Inlays of the belt bag

There is also space for a Tablet PC or for maps inside the belt bag. My Samsung Tab S 10.5 for example fits perfectly.

Tab S 10.5 in the belt bag

How much fits inside the bag?

The bag is more spacious than it seems at first sight. I packed a sample configuration to give you an impression of how much gear you can fit inside:

Sample configuration

Now, let’s have a look what I put inside:

  • Sony A7II with L-Bracket, Canon nFD 2.8/28 and Novoflex Adapter
  • Sony A6000 with FE 1.8/55
  • Zeiss Loxia 2.8/21
  • Samyang 2.8/8 Fisheye CSC II
  • Canon nFD 4/80-200 L
  • 4 Batteries
  • 5 Memory Cards
  • Lenspen
Things in the belt bag

My Indonesia configuration:

  • Sony A7R with L-Bracket
  • A6000
  • FE 1.8/55
  • FE 4/16-35
  • Samyang 2.8/8mm
  • SEL 4.5-6.3/55-210
  • SEL 3.5-5.6/16-50

As you can see, that is a decent amount of equipment. It is possible to cover many focal lengths. The height of the belt bag limits the size of the lenses that fit inside. For example: the Sony FE 4/70-200 G OSS fits into the bag, a Canon nFD 4/300 L is too long. Longer lenses fit into the daypack but I recommend to use a lens case then.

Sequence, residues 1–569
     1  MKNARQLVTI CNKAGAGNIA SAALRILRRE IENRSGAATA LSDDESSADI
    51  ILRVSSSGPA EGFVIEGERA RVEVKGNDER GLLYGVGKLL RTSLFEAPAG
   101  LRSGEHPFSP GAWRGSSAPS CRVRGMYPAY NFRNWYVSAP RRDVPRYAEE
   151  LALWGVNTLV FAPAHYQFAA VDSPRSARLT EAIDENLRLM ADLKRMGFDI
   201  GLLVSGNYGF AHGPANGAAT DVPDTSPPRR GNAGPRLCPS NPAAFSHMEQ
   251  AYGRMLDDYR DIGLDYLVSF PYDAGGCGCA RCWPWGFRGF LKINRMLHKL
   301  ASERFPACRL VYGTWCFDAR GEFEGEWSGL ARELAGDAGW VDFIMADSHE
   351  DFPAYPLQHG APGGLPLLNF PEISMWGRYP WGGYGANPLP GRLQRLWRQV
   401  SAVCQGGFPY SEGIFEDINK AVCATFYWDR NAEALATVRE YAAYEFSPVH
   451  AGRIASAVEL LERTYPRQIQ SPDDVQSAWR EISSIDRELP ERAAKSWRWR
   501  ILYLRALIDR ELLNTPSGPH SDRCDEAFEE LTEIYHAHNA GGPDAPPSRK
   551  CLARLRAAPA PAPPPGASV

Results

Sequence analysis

Tripod Mounts

One very important aspect for photographers is the possibility to mount a tripod. The Horizon has two option here:

For big tripods, I prefer to use the central mount. There is a foldable pocket which is normally hidden, in this pocket the tripod holds securely. Two straps are used to keep the tripod in the position. The central position on the back helps to keep the balance while walking or climbing.

Feisol CT-3342 mounted

Furthermore there is the possibility to mount a tripod on the left side of the backpack – the opposite side of the rotation mechanism. There is a pocket where the tripod fits in and a strap to fix it. When only the central tripod mount is used, water bottles etc. fit into the side pocket.

Using the side position has the advantage that the mass is closer to the body, so it is carried easier.

Sirui T-005X mounted

One big benefit of this backpack is the rotation mechanism of the belt bag, which still works with the tripod attached in the central or the side position.


One very important aspect of the “Mindshift Gear Rotation 180°” to me is the daypack. More than half of the total space belongs to the daypack. This space can be used for clothes, more lenses, food or water. At my use I could fit all the stuff my partner and I needed for a daytrip.


I tried to show this, but the dimension is tricky to capture. I like the net for a computer, tablet PC or just to seperate important things. There is an additional quite big pocket on top of the backpack which I use for Filters etc.